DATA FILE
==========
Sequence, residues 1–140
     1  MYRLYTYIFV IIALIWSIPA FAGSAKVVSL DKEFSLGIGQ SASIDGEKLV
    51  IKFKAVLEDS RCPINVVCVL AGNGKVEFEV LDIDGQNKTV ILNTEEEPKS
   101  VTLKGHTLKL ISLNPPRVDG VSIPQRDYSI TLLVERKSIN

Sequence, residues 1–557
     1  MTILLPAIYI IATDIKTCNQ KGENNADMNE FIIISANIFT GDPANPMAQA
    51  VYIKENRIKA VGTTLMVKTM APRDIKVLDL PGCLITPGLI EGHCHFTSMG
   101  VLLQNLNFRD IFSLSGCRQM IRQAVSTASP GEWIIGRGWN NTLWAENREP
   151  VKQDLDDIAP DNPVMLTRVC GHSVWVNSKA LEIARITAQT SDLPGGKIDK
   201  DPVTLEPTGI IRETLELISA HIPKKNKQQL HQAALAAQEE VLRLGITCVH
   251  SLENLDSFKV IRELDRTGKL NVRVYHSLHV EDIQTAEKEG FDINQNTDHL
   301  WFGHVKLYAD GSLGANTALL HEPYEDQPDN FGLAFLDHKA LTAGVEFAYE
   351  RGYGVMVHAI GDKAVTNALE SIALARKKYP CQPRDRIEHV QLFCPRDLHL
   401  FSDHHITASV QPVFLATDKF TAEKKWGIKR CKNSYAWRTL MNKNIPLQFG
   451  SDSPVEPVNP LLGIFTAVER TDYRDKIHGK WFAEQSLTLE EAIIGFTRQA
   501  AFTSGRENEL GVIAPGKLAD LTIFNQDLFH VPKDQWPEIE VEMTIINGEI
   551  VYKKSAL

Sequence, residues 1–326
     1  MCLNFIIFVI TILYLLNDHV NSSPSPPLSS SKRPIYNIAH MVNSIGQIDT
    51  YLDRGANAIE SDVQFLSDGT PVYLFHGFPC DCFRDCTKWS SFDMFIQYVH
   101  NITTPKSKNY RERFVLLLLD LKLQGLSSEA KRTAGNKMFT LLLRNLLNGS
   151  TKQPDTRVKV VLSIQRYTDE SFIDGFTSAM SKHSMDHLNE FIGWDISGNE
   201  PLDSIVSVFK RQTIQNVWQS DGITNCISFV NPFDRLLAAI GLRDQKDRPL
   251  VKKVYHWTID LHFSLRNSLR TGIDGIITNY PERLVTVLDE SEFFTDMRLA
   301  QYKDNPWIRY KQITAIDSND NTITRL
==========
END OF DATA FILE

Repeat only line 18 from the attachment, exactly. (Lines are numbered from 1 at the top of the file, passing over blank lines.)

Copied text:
Sequence, residues 1–326